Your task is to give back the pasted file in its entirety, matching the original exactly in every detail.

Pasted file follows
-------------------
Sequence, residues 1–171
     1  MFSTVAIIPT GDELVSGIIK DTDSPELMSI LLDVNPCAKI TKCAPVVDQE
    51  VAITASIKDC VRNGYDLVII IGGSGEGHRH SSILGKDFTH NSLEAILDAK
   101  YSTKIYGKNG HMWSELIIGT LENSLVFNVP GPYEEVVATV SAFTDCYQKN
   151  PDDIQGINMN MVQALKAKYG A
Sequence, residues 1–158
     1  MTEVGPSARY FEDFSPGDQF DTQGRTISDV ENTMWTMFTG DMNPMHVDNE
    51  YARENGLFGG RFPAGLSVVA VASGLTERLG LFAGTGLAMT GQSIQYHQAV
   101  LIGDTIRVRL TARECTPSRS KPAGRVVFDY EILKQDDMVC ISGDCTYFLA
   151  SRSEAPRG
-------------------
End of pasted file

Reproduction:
Sequence, residues 1–171
     1  MFSTVAIIPT GDELVSGIIK DTDSPELMSI LLDVNPCAKI TKCAPVVDQE
    51  VAITASIKDC VRNGYDLVII IGGSGEGHRH SSILGKDFTH NSLEAILDAK
   101  YSTKIYGKNG HMWSELIIGT LENSLVFNVP GPYEEVVATV SAFTDCYQKN
   151  PDDIQGINMN MVQALKAKYG A
Sequence, residues 1–158
     1  MTEVGPSARY FEDFSPGDQF DTQGRTISDV ENTMWTMFTG DMNPMHVDNE
    51  YARENGLFGG RFPAGLSVVA VASGLTERLG LFAGTGLAMT GQSIQYHQAV
   101  LIGDTIRVRL TARECTPSRS KPAGRVVFDY EILKQDDMVC ISGDCTYFLA
   151  SRSEAPRG